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Variable Names

The following are some general guidelines for variable names:

Task Variables

Try to limit the use of task variables. In object-oriented programming you always use the lowest possible scope for each variable. I normally only use task variables to instantiate object classes which need application wide scope.

Task variables are all lower case and usually a shortened name of the object class they point to. The task variable names are misspelled on purpose so that Find & Replace can be used to find all occurrences of a specific task variable in the code.

The following are examples of startup task task variables:

Shorter task variable names look cleaner in the code.

Do fn.$retAlphaNumeric(String) Returns Value

Class Variables

Generally it is best object-oriented programming practice to avoid the use of class variables.

One situation where I always use class variables is input variables for prompts. The user might be running a series of reports and I need to prompt them for the date range of records to include in the report. In that situation I will use the class variables cDateFrom and cDateTo, so that the next time the user is prompted, the last dates they entered will be prefilled with the last dates they entered. (For as long as they have the application open.)

Class variables are prefixed with lower case c.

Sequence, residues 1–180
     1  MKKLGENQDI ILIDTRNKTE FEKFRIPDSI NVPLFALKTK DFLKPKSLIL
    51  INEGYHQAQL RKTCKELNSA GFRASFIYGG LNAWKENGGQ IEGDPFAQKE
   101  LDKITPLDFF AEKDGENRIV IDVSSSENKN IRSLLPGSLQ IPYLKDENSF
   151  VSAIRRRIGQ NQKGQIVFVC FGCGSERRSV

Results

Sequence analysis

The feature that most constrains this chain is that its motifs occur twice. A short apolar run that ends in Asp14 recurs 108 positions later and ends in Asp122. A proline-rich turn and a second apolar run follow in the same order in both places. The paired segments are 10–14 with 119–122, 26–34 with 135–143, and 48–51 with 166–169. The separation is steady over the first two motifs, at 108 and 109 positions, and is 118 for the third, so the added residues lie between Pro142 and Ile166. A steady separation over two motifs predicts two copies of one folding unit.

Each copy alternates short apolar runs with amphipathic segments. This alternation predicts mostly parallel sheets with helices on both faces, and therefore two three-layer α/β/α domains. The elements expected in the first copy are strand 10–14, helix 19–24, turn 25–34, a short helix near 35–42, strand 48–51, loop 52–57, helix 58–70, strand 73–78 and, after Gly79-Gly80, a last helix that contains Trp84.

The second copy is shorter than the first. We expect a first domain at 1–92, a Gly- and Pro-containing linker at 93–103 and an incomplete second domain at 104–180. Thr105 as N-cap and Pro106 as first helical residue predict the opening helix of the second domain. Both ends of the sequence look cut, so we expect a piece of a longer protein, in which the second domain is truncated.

cVarName is a class variable.

Instance Variables

Use instance variable for any values that need to be visible to all of the methods within a class instance.

Instance variables are prefixed with lower case i.

iVarName is an instance variable.

Local Variables

Local variables are only visible within the method they are declared. Good OO practice uses the lowest scope variable needed. If you can use a local variable, do so. As soon as the method is finished the local value is cleared.

Local variables are not prefixed.

VarName is a local variable.

Parameter Variables

Parameters are a type of local variable.

Parameter variables are prefixed with lower case p.

pVarName is a parameter variable.

Parameter naming conventions are especially important since the parameter names are automatically copied to the Do statement when you drag a public method from the Interface Manager. For that reason, there are a few additional naming conventions for parameters.

List Variables

If there is an instance variable list or row in a class or superclass that could be defined differently for various instances of that class the names, iList or iRow are used.

If there are more list variables the variables are named to clarify what the data they contain. (iVendorsList, BooksList, AuthorsList).

Note that the plural form of the word is used for the list variable name. (VendorsList not VendorList)

Row variables follow the same naming convention as lists except that they use the singular form of the word. (VendorRow)

At one time I would always use the generic local variable names List or Row in short methods where I felt it was clear enough what the data the list or row variable contained. Since then I changed my practice to using list or row variable names which clearly communicate the data the list or row variable contains.


A coding practice I sometime use is to start with the local variable names List or Row when I write the method and then rename the variable when I finish the code. For example, List is renamed to VendorsList. Omnis kindly changes all occurrances of List to VendorsList for me.

Standard Variable Names

The following are standard variable names:

Variable Prefixes

The following are standard variable name prefixes.

See Parameter Variables for the special parameter prefixes.

Variable Suffixes

The following are standard variable name suffixes: